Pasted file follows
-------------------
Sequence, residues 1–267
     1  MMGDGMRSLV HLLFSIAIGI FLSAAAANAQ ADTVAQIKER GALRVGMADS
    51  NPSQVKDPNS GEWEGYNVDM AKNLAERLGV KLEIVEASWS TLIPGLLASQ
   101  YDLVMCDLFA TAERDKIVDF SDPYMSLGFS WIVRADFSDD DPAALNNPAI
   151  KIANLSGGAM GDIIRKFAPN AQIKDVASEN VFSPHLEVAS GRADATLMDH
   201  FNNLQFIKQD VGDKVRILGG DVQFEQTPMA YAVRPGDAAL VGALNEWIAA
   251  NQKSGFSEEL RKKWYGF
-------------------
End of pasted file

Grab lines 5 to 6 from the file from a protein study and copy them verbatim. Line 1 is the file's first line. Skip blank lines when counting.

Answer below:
   151  KIANLSGGAM GDIIRKFAPN AQIKDVASEN VFSPHLEVAS GRADATLMDH
   201  FNNLQFIKQD VGDKVRILGG DVQFEQTPMA YAVRPGDAAL VGALNEWIAA